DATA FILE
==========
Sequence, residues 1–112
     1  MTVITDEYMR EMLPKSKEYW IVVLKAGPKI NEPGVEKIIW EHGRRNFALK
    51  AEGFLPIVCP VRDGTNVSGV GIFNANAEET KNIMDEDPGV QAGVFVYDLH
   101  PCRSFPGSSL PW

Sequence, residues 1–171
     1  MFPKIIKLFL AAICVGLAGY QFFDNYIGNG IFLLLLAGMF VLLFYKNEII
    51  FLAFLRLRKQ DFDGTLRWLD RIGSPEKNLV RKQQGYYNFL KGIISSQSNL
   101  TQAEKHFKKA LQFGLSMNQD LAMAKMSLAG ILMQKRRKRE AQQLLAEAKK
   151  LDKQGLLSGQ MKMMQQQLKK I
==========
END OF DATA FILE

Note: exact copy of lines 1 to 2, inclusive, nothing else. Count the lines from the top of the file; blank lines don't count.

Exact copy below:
Sequence, residues 1–112
     1  MTVITDEYMR EMLPKSKEYW IVVLKAGPKI NEPGVEKIIW EHGRRNFALK